Patent & Copyrights Tutorial
What should a university researcher know about patent law?
Tutorial Content Sources
Content within this module describing or referring to elements of invention or copyright protection under U.S. intellectual property law has been derived primarily from web-based publications produced and maintained by the U.S. Patent & Trademark Office (USPTO).
NOTE: As a university-based researcher, your primary source of guidance regarding intellectual property management should be the policies and procedures established by your university’s technology transfer office.
A patent, as defined by the U.S. Patent & Trademark Office (USPTO), is a property right granted by the United States government to you as an inventor “to exclude others from making, using, offering for sale, or selling the invention throughout the United States or importing the invention into the United States for a specified and limited time”. This is done in exchange for disclosing the invention to the public.
The level of the description of your patent must be such that, anyone with ordinary skills in the field of application of the invention should be able to reproduce it and make it work as intended. The invention can be a device, a method or a system for making things, a process for new materials, etc. Physically, a patent is a document stating the granted exclusion privileges for your invention.
The privilege granted by a patent is very specific:
A patent gives you the “right to exclude” others from exploiting the invention. Assuming that you have a clear path to exploit your invention, a patent gives you the exclusive rights to do so.
The duration of a patent grant is generally 20 years from the date on which the application for the patent was filed in the United States or, if the application has a specific reference to an earlier filed application, from the date of the earliest application filing. After that time has passed, anyone can exploit the expired patent’s invention without permission of the patentee.
Another point that must be clarified is that the office granting patents (the USPTO) does not enforce non-infringement of your patent. You will need to resolve any case of infringement in court.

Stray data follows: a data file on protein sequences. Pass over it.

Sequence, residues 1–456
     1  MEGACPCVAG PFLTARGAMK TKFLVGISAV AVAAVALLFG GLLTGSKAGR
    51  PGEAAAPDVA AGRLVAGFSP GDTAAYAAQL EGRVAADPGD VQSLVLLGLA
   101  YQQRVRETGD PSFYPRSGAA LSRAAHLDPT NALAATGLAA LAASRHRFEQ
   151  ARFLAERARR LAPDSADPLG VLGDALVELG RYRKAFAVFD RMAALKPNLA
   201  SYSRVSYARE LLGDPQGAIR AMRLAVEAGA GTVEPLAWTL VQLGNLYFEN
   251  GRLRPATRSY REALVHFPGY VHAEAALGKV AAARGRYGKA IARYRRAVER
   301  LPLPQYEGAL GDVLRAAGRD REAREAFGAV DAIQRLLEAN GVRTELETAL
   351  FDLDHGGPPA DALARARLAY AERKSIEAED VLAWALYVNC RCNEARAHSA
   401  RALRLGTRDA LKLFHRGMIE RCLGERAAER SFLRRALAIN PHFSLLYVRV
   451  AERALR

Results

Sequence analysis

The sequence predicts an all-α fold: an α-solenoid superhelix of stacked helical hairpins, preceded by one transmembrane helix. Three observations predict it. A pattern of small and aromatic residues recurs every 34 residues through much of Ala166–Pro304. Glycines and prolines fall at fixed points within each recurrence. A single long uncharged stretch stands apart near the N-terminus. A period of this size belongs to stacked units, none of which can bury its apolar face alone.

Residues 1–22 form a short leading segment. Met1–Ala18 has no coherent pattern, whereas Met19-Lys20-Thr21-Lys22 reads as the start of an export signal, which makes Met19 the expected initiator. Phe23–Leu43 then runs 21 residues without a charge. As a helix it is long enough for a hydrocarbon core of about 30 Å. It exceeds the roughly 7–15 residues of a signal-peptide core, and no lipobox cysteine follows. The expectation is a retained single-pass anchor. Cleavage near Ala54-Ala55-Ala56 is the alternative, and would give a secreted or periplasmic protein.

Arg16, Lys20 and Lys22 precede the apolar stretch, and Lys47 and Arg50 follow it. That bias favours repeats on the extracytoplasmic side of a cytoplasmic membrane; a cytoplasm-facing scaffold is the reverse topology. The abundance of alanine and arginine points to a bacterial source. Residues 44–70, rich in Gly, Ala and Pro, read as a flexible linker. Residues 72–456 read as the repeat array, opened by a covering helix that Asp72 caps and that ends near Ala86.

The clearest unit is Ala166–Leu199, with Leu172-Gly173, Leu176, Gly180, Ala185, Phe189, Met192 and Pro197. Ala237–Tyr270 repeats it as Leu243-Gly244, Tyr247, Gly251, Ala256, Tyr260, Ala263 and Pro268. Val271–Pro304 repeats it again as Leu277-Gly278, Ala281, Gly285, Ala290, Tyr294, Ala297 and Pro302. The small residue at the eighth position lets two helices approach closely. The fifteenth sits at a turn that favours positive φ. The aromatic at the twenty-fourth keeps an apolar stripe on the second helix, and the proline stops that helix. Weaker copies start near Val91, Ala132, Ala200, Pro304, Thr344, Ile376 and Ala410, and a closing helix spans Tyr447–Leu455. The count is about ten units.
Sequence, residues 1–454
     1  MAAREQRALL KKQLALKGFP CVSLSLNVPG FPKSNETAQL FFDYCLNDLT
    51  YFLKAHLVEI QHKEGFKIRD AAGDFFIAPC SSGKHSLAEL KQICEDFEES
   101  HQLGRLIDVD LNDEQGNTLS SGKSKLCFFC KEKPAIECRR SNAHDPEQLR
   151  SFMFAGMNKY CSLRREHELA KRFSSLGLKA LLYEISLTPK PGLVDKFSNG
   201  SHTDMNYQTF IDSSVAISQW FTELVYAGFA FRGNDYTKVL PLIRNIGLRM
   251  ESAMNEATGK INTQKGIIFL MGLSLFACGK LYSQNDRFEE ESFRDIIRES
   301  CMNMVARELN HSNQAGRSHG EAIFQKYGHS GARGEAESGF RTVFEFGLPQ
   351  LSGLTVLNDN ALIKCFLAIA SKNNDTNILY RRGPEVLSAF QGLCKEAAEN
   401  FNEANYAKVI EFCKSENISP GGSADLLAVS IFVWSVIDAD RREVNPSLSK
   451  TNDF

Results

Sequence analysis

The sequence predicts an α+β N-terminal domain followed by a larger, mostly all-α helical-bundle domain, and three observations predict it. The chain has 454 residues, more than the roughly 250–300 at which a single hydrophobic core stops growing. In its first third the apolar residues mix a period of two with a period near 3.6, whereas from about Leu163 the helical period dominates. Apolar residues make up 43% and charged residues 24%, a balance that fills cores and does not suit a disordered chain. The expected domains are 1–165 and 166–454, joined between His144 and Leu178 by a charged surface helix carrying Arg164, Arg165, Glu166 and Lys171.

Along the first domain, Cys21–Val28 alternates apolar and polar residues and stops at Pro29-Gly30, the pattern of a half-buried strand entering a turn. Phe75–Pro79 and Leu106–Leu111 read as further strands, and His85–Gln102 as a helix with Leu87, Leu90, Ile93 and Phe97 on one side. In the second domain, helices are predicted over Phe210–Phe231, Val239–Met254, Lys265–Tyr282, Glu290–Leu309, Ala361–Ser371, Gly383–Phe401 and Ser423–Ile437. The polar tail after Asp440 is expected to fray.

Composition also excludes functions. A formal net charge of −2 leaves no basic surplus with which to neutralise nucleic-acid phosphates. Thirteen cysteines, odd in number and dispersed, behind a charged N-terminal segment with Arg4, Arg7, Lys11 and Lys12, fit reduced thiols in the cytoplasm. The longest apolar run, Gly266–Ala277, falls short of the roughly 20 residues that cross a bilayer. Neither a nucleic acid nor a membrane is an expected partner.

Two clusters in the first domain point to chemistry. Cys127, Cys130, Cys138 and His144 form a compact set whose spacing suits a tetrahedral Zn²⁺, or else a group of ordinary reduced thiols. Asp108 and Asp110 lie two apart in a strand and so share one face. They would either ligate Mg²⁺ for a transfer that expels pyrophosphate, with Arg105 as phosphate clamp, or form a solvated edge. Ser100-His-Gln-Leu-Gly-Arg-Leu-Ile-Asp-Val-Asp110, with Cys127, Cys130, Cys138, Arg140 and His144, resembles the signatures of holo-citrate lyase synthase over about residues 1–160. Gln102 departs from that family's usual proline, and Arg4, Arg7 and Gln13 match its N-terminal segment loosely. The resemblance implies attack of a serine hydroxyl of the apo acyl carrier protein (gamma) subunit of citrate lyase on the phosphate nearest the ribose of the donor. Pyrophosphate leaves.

A non-provisional, or “full” patent, application incorporates several sections: background, summary, drawings, claims, etc. The list of claims is the focal point of your application and defines the scope of the ideas that you are claiming as your own intellectual property. The claims need to be carefully drafted to ensure maximum coverage and protection. It should be worked with the aid of a patent attorney or agent.
The requirements for writing a patent application can be browsed in the USPTO General Information Section.
What steps are required to submit a patent application?
UC San Diego Office of Innovation & Commercialization will decide whether and when to file, and will hire a patent attorney to complete the process. You will need to supply the attorney with the basic facts about your invention and be available for any clarification he/she may need. At some point you will need to sign the Oath or Declaration. A patent application in the U.S. is subject to the payment of a basic fee and additional fees that include search, examination, and issue fees.
What follows the application for a patent?
After examination by the patent examiner at the USPTO, a written decision called an “Office Action” is sent to you or your patent attorney. If there are any objections or adverse actions to your application, they will be stated in this correspondence.
Useful tip: You can follow the status of your published application (actions, correspondence with the attorney, fees, etc.) with the USPTO via the Public Patent Application Information Retrieval (PAIR).